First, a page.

This article tells the stories of Terry Dolan, a seasoned research professional and Managing Research Director at Integrated Insight. With a breadth of knowledge and interesting anecdotes dating back to his time at Disney, Terry shares his successes, challenges, and ironies of a career in research.
Interestingly, my career path to research operations happened quite by chance. Back in the late 80s as I was beginning my career, I was fortunate to land a role at Walt Disney World. After working for about a year in Epcot park operations (by far my favorite Disney theme park!), I learned from a friend about a position in the “Research and Statistics” department—still sounds very intimidating to this day! At the time, the department was very small consisting of less than ten people. What I didn’t know at the time and would quickly learn is that the fledgling department would see exponential growth during my 27-year career in research at Disney.
To provide some perspective on how much growth, when I left Disney nearly 6 years ago, the team I lead alone consisted of nearly 150 data collectors, coders, survey programmers, and account service managers supporting worldwide theme parks and resorts, Disney Cruise Line, and Walt Disney Parks and Resorts Online.
I’ll never forget my VERY first day taking surveys way back in 1988. In the good ole days, we collected surveys on paper, and on this particular day, we were collecting Theme Park Entry surveys among guests entering the park. Nervous and apprehensive about intercepting people, I marched out to the main entrance at Epcot with my clipboard, pencil, and 80 surveys.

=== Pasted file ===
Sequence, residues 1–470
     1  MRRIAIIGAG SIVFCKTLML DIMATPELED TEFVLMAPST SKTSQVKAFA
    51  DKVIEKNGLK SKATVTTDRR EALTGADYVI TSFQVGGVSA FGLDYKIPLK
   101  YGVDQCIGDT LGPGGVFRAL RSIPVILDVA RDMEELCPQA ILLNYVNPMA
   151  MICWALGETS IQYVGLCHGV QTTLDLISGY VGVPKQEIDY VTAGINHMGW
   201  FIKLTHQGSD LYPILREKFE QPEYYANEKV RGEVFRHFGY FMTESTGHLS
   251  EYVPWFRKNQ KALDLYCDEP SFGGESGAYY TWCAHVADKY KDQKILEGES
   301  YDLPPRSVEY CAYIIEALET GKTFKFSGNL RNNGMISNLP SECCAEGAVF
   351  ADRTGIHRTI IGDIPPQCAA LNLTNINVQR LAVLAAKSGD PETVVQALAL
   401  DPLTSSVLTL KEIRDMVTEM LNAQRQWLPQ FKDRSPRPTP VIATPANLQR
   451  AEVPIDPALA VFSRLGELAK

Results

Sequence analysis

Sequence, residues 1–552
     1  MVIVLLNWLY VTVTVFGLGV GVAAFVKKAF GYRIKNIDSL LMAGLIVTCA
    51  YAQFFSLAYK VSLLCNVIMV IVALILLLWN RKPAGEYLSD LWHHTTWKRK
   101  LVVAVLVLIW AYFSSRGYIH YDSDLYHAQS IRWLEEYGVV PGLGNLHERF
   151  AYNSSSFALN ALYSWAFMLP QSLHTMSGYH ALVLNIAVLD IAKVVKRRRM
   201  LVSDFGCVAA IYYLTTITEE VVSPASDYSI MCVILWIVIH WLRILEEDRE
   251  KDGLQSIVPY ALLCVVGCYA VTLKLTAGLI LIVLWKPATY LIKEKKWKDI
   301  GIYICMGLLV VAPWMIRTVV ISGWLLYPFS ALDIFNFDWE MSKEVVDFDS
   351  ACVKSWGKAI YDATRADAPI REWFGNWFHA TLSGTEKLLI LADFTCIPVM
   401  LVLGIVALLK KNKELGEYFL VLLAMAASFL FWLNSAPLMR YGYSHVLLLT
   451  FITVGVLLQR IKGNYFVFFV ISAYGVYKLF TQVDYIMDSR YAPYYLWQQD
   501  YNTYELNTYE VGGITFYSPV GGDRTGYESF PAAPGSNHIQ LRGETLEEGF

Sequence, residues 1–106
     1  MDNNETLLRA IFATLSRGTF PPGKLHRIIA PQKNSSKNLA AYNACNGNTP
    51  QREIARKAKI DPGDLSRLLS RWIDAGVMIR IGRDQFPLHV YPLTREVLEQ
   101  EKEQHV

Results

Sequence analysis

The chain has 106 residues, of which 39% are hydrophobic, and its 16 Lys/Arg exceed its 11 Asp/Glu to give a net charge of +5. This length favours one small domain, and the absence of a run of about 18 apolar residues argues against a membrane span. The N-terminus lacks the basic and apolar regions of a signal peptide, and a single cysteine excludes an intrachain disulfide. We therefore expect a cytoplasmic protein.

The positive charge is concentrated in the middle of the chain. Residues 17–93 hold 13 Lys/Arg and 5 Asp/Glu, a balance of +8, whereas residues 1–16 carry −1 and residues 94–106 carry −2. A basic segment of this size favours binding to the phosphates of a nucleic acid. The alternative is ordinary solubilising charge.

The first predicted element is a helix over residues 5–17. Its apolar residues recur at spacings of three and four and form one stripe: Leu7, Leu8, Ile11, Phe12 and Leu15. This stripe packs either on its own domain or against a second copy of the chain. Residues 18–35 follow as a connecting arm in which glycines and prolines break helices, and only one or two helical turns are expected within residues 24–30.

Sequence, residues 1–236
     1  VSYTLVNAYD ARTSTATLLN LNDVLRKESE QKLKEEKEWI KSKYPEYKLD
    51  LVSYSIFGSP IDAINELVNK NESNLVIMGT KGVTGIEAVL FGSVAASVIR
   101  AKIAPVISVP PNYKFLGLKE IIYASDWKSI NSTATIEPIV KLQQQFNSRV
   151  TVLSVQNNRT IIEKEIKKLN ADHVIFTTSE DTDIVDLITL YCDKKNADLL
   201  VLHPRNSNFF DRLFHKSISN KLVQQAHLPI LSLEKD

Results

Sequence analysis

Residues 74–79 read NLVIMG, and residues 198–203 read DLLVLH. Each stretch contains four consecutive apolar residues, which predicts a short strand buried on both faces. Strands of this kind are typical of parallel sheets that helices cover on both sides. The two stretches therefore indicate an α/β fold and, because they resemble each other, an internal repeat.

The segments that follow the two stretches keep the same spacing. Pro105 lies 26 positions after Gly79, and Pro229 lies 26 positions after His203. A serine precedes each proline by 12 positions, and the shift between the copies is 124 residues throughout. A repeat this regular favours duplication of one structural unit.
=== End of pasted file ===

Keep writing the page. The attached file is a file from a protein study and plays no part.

I positioned myself as though I was a hungry grizzly in an Alaskan river waiting for the salmon to swim upstream to me, and after only a few moments intercepted my first victim…I mean respondent.
I confidently introduced myself and started the survey. As I completed the first several questions, I prepared to flip the paper over and at that moment, a gust of wind blew through and all 80 surveys blew off of my clipboard scattering all over the main entrance of Epcot. If you are familiar with Epcot you know that the area under Spaceship Earth is a bit of a wind tunnel. At that moment, I recall thinking, I’m not going to make it to the end of the day. I was mortified. I immediately began collecting all of my surveys and it was at this moment, I remember thinking to myself, you’ll never be as bad at this as you are at this moment.
3. What are some of the accomplishments you’re most proud of?
Wow, this is a difficult question for someone who’s worked in one industry as long as I have!
There are several for sure, but here are a few that stand out:
The first would have to be the implementation of a daily survey program in support of the massive Guest Satisfaction Measurement program Disney implemented in the mid-1990s. Before this rollout, we collected ‘snapshot’ surveys–think surveying one week out of the month and that week represented the entire month. I’ll never forget the conversation I had with Joni Newkirk who at the time was the Director of Research at Disney, now CEO at Integrated Insight. I distinctly remember her asking me what it would take to implement and I paused, chuckled nervously, and sort of flippantly said I’d run the staffing numbers, but that it would likely take a 100 Cast Members to make it happen. Joni calmly said, “Do it!” Within two months, we successfully hired and trained a team of Cast Members and successfully implemented a survey program that would quickly grow to over 500K in-person surveys per year.
Another accomplishment that I am incredibly proud of is the behind the scenes work we did as a leadership team while I was at Disney to put in place the ‘on-boarding’ and training infrastructure to support the rapidly growing operation we were building.